Coming back to the situation at hand, the Plaintiffs title is traced through a chain -of conveyances (about four (4) in number) spanning from the 29th April 11961 (Exhibit B) to the 28th February 1997 (Exhibit A). The Plaintiffs had several predecessors in title and have been in possession in excess of forty years. During the period the land was completely developed with structures and chalet? and the premises for a considerable period of time was operated as a hotel, paying outgoings, rates and taxes without let or hindrance by the Government or by any one until the advent of the 2nd Defendant in the scene. Prior to the conveyance of the suit land to Cornelius Augustine Harding, the suit land was in the possession of the villagers of Toke in the Western Region.
It is a historical fact that such lands were, and continued, in the possession of the villagers and used by village family units or village individuals or communally for residence, farming, commerce, etc. It is irrelevant for the discourse on possession or ownership whether the suit land is labeled “community land" In my view it is the historical realities that matter. I am therefore of the considered opinion that the villagers of Toke by their representatives had title which they properly passed onto Hon. Mr. Justice Cornelius Augustine Harding. The foundation to the second pillar rest on statutes, primarily the Non-citizens (Interest? in land) Act, 1966. In the 2nd Defendant’s Statement of Case, Mr. Lambert submitted that Muhamed Ghazi R Faiad (the 1st Plaintiff), Rached R. Faiad, Feisa.1 R. Faiad and Imad Faiad could not own freehold land in the Western Area of Sierra Leone by virtue of the provisions of the Non-citizens (Interests in land) Act, No. 30 of 1966 contrary to section 3 which provides:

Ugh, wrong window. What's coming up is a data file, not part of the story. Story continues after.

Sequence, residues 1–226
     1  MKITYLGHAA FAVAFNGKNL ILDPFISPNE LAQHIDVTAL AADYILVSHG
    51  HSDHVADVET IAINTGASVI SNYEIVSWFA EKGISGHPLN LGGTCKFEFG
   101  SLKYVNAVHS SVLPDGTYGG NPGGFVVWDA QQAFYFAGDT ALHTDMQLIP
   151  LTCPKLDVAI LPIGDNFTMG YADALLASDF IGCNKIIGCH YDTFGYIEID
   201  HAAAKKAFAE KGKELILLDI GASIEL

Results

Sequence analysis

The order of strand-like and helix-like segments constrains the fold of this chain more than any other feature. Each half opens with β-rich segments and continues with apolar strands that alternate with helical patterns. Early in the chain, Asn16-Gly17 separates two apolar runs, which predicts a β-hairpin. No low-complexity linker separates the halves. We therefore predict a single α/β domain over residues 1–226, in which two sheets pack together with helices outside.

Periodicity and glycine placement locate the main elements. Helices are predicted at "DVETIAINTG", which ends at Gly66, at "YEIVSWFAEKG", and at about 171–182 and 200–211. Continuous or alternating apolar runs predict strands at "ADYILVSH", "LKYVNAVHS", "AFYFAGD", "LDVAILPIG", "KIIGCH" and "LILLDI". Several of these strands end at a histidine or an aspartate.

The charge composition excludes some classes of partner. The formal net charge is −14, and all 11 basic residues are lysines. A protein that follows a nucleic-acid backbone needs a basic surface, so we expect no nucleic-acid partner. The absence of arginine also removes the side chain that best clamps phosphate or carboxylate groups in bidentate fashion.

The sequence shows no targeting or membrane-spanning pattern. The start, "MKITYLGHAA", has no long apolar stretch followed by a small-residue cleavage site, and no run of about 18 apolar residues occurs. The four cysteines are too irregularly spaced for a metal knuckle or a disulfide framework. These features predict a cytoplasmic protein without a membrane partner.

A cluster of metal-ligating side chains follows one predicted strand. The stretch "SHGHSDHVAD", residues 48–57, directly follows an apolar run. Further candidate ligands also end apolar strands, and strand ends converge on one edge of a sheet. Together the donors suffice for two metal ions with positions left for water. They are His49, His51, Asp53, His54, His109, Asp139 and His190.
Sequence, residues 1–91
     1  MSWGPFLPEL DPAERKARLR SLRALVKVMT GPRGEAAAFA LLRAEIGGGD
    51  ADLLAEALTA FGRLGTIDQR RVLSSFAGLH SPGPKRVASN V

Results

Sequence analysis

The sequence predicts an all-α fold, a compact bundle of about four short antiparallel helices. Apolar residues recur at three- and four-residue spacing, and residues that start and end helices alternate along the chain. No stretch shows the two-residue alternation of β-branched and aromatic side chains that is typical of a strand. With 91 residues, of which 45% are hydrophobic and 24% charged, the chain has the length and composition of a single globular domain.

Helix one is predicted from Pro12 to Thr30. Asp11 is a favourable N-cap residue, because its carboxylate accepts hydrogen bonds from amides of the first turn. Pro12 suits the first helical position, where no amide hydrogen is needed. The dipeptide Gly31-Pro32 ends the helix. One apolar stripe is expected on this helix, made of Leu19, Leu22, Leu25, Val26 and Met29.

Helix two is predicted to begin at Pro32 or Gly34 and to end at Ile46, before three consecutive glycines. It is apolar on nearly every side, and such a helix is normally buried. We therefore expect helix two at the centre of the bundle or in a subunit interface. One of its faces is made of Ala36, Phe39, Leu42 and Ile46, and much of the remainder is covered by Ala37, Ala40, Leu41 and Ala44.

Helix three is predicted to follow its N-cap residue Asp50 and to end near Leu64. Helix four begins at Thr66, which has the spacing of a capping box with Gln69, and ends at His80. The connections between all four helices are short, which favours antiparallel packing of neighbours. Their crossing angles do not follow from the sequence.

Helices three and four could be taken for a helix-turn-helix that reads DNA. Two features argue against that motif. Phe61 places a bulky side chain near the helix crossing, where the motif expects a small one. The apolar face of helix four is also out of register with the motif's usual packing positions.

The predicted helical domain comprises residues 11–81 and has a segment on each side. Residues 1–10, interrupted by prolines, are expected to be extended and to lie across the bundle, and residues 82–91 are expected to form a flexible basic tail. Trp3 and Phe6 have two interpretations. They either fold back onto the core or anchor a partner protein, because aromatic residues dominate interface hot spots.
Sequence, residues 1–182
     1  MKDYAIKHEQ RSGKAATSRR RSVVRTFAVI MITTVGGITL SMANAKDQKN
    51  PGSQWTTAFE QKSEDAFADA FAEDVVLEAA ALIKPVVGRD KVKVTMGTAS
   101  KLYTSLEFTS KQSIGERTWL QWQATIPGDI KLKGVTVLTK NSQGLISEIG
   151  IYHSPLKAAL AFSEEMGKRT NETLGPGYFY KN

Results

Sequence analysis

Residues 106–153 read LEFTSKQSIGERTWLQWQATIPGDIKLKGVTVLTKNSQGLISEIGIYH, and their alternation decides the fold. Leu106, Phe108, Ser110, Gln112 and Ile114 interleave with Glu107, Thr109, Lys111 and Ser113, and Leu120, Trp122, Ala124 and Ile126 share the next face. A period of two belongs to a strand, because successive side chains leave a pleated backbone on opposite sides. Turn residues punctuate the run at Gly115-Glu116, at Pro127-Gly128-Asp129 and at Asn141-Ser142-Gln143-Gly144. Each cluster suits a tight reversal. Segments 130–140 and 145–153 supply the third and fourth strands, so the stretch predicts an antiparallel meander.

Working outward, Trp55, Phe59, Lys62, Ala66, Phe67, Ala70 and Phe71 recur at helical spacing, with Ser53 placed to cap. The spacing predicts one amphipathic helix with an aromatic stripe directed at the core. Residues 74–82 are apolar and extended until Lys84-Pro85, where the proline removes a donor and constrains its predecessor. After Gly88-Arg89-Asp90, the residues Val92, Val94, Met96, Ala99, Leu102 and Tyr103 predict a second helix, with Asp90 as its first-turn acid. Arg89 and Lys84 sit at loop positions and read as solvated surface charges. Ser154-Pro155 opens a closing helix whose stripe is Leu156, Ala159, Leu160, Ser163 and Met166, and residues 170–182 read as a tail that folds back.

"3 No.-non-citizen shall purchase or receive in exchange or as a gift ‘ any reserved freehold land is the Western Area"
Non-citizen is defined by section 2 "as (a) any individual who is not a citizen of Sierra Leone” -
Mr. Lambert argued that Mohamed Ghazi R. Faiad and Rached R. Faiad were not citizens of Sierra Leone at the material time that the Deed of Conveyance , (Exhibit SM 9 dated 8th December 1987 to the affidavit of Sullay Mannah sworn to on the! 4th June 2009) was executed by the Hon. Justice Cornelius Harding He further argued that Feisal R. Faiad and Imad Faiad are st 1 not citizens of Sierra Leone because there is no record with the government officer (the Chief Immigration Officer) responsible for keeping such records that the}' were ever issued with naturalization certificates as required by the Citizenship Act No. 4 of' 1973 as amended. During the hearing on the 14th December 2009, Mr. Lambert withdrew his challenge to the validity of the naturalization certificate (he was now confronted) issued on the 26th day of October 1973 and exhibited as “M” to* the affidavit of Bala S. Amarasekaran sworn to on the 22nd October 2009, Mr. Lambert withdraw the challenge giving three reasons.
He had regard to the provisions of section 23 of the Sierra Leone Citizenship Act, 1973, which provides:
"23 the Minister shall not be required to assign any reason for the grant or refusal of any application under this Act, and the decision of the Minister on any such application or on any other matter under this Act shall not be challenged in any Court"
He had no proof that the document is not genuine
Finally, he had to, given the decision of the Supreme Court in the Case of THE STATE VS. ALGHASSIM JAH S.C MISC. APPLIC. 1/94 in which the Court held that the courts were barred or forbidden from any excursion in any form whatsoever for the purpose of examining the decisions of courts - martial by section 29 of the REPUBLIC OF SIERRA MILITARY FORCES (AMENDMENT) ACT, 1971, which
“29 the decisions of a court - martial shall not be questioned in any court of law”